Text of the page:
This time, it’s definitely the final weekend of the season. I promise. I know what you’re thinking here – “How can we trust him on this? He said it on the last day of the Football League season, he said it on the last day of the Premiership season, he said it before the FA Cup Final, and I think he might even have said it before the European Cup final”. This time, though, I mean it. Well, sort of. There are international matches to follow, though those fall into the category of that strangest of beasts, the “Close Season”. This weekend, though, is where we can safely draw the line under the 2007/08 season. In this country, it’s the Football League play-off finals over the next three days, culminating Derby County and West Bromwich Albion doing battle for a place in the Premier League.
This afternoon, Bristol Rovers play Shrewsbury Town at Wembley in the League Two final. I have a soft spot for both of these teams. I will almost certainly post something up here about the trials and tribulations of Bristol Rovers over the last quarter of a century or so at some point, and I have a soft spot for them, the origins of which I can’t quite place. Shrewsbury Town occupy a peculiar place in my football universe. You know how your childhood perceptions of something can skew your viewpoint for years and years, even if they’re not correct? Well, that’s me and Shrewsbury Town. They reached the FA Cup quarter finals in 1982 and lost 5-2 to Leicester City at Filbert Street, in a match memorable for Leicester having to use three different goalkeepers. Ever since then, I’ve had this perception of them being a bigger club than they actually are. Notably, this match is being called “The Weetabix Final”, thanks to this story, which thrills me on many levels, from the Bristol Rovers website:
“The story behind the Weetabix appearing when ever Rovers play Shrewsbury started a few seasons ago before a league match at Gay Meadow. A few Gasheads got together and raised some money for the trip up to Shrewsbury. They hired a coach for the day after which about £300 was left in the kitty. So it was decided to go to the pub before the game where £200 was stuck behind the bar to pay for drinks. After a while, a few Gasheads started feeling hungry but unfortunately the pub didn’t serve food. The landlord then told them there was a supermarket near by for them to get food and that he wouldn’t mind them eating it in the pub. A lonesome Gashead was then dispatched to fetch the grub with £75 after taking out the £25 owed to the coach driver. At the time this Gashead was slightly the worse for drink and returned to the pub armed with £75 worth of Weetabix.
The following day, they took all of their stuff into the ground, and noticed some birds on the pitch. Being the kind souls that they are, they decided to feed them all of their Weetabix. By the time they had finished throwing them liberally around the terraces, the penalty area in front of the away section had turned from green to brown.
A few years later Rovers played Shrewsbury again and the same group were seen wearing T-shirts saying ‘Weetabix Invasion Of Gay Meadow’ and of course throwing plenty of Weetabix around. Unfortunately, whenever Rovers now play Shrewsbury the police are instructed to confiscate all forms of breakfast cereal at the game.”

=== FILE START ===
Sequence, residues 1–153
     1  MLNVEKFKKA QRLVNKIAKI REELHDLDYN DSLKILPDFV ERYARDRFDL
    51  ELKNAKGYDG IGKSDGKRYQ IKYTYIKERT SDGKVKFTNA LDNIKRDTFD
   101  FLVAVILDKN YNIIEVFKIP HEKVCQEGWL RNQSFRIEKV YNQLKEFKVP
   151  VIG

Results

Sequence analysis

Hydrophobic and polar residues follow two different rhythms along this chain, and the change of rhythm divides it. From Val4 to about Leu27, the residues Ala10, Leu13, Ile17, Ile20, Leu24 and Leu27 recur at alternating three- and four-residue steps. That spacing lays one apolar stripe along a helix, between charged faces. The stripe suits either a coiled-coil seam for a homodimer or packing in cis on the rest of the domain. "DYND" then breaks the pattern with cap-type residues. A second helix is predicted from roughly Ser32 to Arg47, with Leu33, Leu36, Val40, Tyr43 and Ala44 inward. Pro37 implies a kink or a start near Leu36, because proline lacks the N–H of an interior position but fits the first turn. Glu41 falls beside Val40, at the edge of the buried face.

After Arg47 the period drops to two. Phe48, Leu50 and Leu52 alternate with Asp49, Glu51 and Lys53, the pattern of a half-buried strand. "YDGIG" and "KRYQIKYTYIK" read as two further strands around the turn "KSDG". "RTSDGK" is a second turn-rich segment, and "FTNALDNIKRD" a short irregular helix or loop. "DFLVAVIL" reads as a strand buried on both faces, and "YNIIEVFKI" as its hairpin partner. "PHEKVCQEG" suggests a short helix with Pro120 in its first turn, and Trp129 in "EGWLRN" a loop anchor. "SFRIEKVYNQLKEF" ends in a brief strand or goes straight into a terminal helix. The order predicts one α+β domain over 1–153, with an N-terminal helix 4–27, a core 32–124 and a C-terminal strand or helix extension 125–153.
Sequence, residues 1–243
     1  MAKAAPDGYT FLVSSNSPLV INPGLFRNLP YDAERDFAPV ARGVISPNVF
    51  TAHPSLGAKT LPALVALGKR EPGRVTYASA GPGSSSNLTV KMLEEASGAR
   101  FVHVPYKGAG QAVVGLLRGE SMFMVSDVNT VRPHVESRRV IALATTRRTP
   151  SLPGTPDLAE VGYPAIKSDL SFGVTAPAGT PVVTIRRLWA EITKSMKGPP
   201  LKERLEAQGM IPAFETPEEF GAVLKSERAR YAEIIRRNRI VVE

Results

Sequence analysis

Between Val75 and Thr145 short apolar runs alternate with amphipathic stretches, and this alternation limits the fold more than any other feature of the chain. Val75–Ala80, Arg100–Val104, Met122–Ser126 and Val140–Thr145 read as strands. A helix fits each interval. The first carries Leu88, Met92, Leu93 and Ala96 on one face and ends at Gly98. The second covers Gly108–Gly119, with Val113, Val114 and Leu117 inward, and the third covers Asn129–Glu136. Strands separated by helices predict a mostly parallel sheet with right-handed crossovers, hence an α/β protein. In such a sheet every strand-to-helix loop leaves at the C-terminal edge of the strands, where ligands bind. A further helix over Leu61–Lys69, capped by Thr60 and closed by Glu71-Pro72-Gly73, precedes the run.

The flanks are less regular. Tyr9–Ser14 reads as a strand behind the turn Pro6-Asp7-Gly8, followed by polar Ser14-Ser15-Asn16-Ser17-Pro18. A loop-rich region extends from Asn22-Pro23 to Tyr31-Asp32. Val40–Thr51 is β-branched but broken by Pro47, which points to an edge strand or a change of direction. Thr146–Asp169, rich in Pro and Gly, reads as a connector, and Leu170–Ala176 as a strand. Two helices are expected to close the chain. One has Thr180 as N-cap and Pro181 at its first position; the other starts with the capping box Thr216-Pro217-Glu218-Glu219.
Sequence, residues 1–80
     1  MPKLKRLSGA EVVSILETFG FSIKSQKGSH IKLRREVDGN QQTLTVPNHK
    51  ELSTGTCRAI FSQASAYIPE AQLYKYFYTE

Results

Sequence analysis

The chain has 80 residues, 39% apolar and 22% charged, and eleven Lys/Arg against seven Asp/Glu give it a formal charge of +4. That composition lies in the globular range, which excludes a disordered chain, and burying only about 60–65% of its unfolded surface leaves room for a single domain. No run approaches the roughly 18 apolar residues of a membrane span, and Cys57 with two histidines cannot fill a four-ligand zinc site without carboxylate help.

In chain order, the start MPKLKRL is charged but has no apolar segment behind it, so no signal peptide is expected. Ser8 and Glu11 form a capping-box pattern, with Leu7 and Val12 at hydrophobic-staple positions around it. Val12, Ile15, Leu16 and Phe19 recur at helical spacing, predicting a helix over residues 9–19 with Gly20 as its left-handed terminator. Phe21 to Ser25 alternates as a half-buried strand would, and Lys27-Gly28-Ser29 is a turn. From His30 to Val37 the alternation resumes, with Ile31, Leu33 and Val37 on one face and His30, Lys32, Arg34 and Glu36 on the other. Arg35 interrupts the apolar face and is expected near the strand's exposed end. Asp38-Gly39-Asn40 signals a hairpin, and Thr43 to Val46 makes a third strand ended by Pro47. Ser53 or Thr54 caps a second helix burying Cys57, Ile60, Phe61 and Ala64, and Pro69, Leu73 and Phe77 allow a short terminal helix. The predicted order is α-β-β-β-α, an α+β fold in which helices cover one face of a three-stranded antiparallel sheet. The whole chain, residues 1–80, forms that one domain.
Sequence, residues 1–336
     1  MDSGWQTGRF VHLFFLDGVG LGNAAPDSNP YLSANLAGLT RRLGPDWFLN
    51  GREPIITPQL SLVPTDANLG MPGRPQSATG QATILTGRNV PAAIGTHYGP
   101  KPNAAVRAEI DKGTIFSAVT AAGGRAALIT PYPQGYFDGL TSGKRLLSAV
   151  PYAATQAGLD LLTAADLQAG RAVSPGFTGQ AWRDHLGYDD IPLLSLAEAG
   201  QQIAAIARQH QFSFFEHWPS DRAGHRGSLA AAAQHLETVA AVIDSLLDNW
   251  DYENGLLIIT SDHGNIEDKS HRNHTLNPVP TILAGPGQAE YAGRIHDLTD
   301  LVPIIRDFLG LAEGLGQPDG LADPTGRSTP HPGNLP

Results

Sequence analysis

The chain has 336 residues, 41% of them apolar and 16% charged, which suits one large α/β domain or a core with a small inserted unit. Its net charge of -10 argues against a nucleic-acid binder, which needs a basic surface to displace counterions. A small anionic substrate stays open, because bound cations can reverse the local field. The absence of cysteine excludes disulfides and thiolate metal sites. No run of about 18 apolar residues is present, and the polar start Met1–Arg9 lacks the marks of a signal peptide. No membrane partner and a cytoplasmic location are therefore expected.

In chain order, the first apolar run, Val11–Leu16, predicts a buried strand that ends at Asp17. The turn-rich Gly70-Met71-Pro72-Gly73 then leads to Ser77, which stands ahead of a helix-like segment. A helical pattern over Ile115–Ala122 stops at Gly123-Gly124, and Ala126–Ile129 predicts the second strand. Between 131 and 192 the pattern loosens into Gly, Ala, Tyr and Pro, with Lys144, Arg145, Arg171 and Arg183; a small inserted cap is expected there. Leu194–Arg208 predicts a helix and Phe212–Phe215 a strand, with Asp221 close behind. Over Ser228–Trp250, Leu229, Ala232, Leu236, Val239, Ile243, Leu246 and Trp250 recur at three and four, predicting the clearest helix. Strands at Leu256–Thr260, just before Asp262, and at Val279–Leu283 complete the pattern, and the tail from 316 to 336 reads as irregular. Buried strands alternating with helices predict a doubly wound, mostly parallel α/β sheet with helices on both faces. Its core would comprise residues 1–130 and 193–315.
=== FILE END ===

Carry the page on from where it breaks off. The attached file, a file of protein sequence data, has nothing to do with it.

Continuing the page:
In League One, Blackpool are playing Yeovil Town tomorrow afternoon. Consider this: In December 1987, about fifty of us hardened souls travelled down to see Yeovil Town play St Albans City in the Vauxhall-Opel League Premier Division. Yeovil had just got to the FA Cup third round, and were selling tickets for their home match against QPR that day. Used, as we were, to crowds of three or four hundred, it was something of a culture shock to be playing in front of a crowd of over 6,000, but St Albans gave a reasonably good account of themselves, holding their hosts to a 0-0 draw, and even hitting the post with about ten minutes to play. Two decades on, and St Albans are relegated to exactly the same level that they were at then, whilst Yeovil could be playing a division above Leeds United and Nottingham Forest. Strange times, indeed. I’m moderately fond of Blackpool, too. I grew up reading many of my dad’s football books from the 1950s and 1960s, and grew up with a perception of them being a big-ish club. Unlike Shrewsbury, though, my perception isn’t a million miles away from the truth here. They had Matthews and Mortensen in the 1950s, and Alan Ball and Jimmy Armfield in the 1960s. They haven’t played in the top two divisions for almost thirty years. For whoever wins tomorrow, it will be a new experience – at least it certainly will be if they’re under fifty years old.
Finally, The Championship. You can always enliven the Championship play-off final match by running a sweepstake on how many times the commentator mentions how much money the winners will get. You can also have an auction on how much they think it will be worth. Will it be twenty million? Thirty million? Fifty million? My bet is that someone will top all previous years and say £100m. There’s something crushingly inevitable about West Bromwich Albion winning this match, and completing, for the first time in years, all three relegated teams being promoted straight back, but Derby are a good enough team to put up a decent fight, and The Championship, after a brilliant season, deserves a better finale than the outside perception than that it’s easy to go straight back up.